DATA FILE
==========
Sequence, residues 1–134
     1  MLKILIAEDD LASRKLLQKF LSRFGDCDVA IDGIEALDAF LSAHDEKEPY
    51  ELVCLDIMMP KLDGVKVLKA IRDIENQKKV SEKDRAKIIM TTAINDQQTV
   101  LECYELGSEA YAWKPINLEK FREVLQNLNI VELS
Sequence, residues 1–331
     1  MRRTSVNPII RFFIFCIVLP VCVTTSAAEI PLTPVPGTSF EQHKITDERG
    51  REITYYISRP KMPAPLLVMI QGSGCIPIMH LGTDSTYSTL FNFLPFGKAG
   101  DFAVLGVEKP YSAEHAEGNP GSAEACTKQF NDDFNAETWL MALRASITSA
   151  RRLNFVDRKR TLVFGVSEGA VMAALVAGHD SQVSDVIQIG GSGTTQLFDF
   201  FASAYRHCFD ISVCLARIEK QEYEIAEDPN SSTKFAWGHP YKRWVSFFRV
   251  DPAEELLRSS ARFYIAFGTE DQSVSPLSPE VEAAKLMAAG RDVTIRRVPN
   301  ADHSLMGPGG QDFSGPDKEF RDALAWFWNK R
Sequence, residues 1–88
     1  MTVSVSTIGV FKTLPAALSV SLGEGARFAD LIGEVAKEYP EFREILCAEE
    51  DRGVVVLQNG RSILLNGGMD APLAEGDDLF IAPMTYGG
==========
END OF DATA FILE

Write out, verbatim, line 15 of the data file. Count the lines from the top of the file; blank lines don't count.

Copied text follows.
    51  DRGVVVLQNG RSILLNGGMD APLAEGDDLF IAPMTYGG